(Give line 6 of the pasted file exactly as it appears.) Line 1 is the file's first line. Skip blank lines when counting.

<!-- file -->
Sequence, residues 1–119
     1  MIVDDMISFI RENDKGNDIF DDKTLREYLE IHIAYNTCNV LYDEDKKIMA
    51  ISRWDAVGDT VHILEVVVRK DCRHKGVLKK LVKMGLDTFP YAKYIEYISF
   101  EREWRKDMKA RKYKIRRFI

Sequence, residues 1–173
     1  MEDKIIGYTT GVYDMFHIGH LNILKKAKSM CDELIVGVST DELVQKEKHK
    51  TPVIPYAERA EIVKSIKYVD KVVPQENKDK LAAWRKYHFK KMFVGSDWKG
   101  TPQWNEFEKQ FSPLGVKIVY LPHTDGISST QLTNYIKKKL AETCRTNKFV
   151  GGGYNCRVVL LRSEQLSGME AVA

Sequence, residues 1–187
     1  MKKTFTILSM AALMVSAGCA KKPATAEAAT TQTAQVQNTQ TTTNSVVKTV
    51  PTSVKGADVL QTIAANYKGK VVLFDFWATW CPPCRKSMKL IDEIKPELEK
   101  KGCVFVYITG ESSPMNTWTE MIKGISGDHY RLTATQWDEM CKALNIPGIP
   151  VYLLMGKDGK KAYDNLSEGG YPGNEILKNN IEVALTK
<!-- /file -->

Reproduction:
     1  MEDKIIGYTT GVYDMFHIGH LNILKKAKSM CDELIVGVST DELVQKEKHK